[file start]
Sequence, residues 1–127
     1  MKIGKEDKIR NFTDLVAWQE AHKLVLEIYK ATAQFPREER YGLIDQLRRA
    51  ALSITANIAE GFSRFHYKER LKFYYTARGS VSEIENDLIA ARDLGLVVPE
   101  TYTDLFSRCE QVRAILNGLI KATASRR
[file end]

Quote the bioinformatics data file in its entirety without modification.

Sequence, residues 1–127
     1  MKIGKEDKIR NFTDLVAWQE AHKLVLEIYK ATAQFPREER YGLIDQLRRA
    51  ALSITANIAE GFSRFHYKER LKFYYTARGS VSEIENDLIA ARDLGLVVPE
   101  TYTDLFSRCE QVRAILNGLI KATASRR